Composing an appealing image with your subject in an aesthetically pleasing position tends to be pretty straightforward. Folks can loosely follow simple guidelines like the basic rule-of-thirds and still wind up with an acceptable composition. Working tight with close-range subjects changes the dynamic a little, however.
What then, is your subject, is it still what it was originally, or has it changed?
It is for this reason I completely enjoy the experience of working with animals. Birds especially – the closer you get the more detail you notice. Of course, it helps to be able to get close in the first place. Sometimes luck must play a part. This female Rufous-tailed Jacamar had her eye on me from her hiding place in a small thicket.
A feeder is an excellent location to grab some quick and easy tight images. At the world renowned Cuffie River Nature Retreat, two tables are generally full of fruit – bringing all sorts of characters together in search of an easy meal.
Perhaps you can get a better view of the fruit tables through the eyes of this Trinidad Motmot!
Nesting or roosting birds are also decent candidates for tight portrait shots – do note that one must never ever approach so close as to cause any sort of disturbance under these conditions, however! Always be aware of the frame of mind your subject is in.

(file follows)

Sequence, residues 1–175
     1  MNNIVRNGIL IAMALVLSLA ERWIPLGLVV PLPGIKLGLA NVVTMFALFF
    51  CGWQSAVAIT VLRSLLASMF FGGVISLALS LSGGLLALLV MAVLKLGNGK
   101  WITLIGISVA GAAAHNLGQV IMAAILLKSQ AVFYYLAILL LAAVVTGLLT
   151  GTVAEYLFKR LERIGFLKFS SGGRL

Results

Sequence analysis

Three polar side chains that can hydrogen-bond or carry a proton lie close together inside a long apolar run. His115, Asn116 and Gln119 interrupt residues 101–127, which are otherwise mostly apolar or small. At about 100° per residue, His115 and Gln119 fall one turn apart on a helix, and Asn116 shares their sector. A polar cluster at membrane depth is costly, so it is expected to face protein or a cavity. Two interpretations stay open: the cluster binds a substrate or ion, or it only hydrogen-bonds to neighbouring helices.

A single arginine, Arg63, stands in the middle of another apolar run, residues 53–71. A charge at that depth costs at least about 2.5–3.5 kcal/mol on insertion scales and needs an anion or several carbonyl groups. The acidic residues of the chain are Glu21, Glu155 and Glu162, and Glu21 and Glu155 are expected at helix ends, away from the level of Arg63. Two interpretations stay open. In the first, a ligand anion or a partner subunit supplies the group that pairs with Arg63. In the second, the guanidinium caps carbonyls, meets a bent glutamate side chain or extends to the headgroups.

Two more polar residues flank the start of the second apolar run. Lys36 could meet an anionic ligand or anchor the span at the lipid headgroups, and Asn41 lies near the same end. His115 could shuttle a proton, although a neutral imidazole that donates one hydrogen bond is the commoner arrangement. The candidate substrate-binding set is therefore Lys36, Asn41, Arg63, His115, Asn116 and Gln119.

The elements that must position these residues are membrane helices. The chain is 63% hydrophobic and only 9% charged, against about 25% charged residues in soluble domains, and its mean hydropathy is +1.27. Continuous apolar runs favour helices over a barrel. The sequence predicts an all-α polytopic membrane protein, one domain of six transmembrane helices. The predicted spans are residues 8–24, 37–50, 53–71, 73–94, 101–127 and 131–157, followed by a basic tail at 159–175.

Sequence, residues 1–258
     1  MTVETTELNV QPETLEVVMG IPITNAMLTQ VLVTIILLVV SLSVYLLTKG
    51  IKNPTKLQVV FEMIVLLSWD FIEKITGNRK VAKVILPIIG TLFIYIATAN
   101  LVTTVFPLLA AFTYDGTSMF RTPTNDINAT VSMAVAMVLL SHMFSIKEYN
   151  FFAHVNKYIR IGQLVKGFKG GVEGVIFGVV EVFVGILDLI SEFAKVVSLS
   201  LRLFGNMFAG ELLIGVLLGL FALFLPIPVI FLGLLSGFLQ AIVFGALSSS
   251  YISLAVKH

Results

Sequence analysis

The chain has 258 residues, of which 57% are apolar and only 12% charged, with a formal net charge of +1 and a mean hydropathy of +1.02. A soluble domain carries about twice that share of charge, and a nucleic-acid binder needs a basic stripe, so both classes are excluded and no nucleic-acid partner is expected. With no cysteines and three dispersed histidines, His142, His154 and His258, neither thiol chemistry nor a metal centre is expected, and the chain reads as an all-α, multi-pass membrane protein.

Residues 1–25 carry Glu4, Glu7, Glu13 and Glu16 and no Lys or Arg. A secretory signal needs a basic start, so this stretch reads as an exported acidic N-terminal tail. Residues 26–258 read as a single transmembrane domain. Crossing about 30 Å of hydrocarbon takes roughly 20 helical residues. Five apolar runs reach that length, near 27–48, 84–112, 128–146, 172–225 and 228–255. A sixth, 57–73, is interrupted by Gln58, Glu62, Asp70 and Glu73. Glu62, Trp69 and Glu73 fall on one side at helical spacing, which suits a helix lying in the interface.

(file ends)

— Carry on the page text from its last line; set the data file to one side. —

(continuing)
Roosting nightjars are supremely confident in their camouflage and will only flee if they feel threatened. Even though they may be “asleep”, they are constantly aware. I have seen people approach a roosting nightjar carefully, treading as softly as possible – only to have the bird flutter away. Conversely, if you walk right up to it and ignore it, it too will ignore you. Fascinating how they seem to know exactly what your mind is on.
This White-tailed Nightjar is T&T’s smallest nightjar and the source of the strange trail across the night sky I posted a couple weeks ago. I contemplated taking a wide shot of it roosting, but it didn’t want me that close. I opted for my long lens – which allows for a detailed study of the cryptic plumage of this species. Fascinating stuff.
Seabirds like the Red-billed Tropicbird nest on terra firma, and due to their minimal contact with humans are also surprisingly confident at their nest site. It completely blew my mind to be this close to a bird I’ve only seen at distance previously.
Working close allows one to appreciate more than just the existence of the bird. It gives a deeper insight into their lives, and an even more detailed look at their beautiful plumage. I have a new appreciation for Red-billed Tropicbirds now – just take a good look at the gradient coming up from the bill. All the subtle black touches look like gentle dabs from a soft brush.
Also part of the package of working close, one must be extremely careful not to disrupt the lives of one’s subjects. Each bird featured here either approached me or was approached very carefully and left undisturbed. It also helped that all of the birds featured in today’s blog post were photographed in Tobago – a haven for tame birds. Meanwhile in Trinidad, we’re killing everything and anything possible.